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[9]

Heo, S., Barr, K., Asanović, K. Reducing power density through activity migration. Presented at The International Symposium on Low Power Electronics and Design (ISLPED), 2003.

[10]

Intel Corporation. IA-32 Intel® architecture software developer’s manual, volume 3: System programming guide. Denver, CO (2005).

[11]

Intel Corporation. Intel centrino mobile technology. Intel Technology Journal, Volume 7. May 2003. Denver, CO (2005).

[12]

Love, R. Linux kernel development, second edition. Novell Press. Indianapolis, IN (2005).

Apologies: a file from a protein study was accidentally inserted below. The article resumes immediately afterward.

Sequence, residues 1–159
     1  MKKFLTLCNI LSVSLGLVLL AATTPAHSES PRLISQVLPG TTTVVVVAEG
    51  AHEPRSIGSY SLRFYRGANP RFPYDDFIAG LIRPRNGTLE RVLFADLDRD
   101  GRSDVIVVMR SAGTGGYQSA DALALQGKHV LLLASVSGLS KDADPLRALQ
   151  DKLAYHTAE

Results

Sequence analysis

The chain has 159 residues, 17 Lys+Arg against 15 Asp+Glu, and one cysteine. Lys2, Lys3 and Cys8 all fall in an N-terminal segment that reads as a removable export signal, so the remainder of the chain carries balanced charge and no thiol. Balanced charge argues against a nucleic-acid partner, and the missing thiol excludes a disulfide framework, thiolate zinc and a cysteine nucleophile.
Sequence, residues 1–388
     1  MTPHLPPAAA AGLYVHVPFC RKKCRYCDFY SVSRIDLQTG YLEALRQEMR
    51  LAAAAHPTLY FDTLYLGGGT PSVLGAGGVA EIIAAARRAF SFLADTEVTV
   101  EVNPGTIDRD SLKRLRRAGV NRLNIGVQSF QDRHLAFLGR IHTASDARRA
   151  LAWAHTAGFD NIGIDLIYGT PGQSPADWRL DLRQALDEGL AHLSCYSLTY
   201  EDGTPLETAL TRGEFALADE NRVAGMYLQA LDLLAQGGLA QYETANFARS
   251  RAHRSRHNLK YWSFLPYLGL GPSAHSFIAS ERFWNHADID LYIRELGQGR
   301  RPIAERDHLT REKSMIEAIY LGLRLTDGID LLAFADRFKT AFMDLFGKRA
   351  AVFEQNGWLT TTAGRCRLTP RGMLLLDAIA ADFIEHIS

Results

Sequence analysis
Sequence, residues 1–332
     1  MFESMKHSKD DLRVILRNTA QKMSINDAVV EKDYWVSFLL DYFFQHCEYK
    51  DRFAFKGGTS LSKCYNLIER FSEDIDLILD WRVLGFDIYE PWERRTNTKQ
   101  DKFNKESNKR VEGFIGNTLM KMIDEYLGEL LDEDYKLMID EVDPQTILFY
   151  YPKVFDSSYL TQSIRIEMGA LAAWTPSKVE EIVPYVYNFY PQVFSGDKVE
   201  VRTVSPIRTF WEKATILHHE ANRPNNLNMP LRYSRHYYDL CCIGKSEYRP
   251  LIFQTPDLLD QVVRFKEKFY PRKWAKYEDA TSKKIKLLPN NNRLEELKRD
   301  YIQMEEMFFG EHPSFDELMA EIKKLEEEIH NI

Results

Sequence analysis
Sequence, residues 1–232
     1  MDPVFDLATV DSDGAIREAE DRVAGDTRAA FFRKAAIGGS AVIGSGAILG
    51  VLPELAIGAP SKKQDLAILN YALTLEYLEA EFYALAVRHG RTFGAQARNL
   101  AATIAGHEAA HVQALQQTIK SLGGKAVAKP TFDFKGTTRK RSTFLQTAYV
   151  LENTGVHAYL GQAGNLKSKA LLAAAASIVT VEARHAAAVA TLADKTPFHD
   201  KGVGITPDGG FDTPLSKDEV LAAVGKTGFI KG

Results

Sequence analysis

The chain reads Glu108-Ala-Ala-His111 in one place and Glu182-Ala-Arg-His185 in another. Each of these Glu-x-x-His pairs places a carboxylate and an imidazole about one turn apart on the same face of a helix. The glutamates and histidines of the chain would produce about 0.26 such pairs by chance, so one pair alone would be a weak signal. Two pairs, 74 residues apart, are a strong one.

[13]

Powell, M.., Gomaa, M., Vijaykumar, T.N. Heat-and-run: Leveraging SMT and CMP to manage power density through the operating system. Presented at The Tenth International Conference on Architectural Support for Programming Languages and Operating Systems, 2004.

[14]

Sheynkin, Y., Jung, M., Yoo, P., Schulsinger, D., Komaroff, E. Increase in scrotal temperature in laptop computer users. Human Reproduction (Advance Access), Dec. 2004.

[15]

Weissel, A., Bellosa, F. Dynamic thermal management for distributed systems. Presented at The Proceedings of the First Workshop on TemperatureAware Computer Systems, 2004.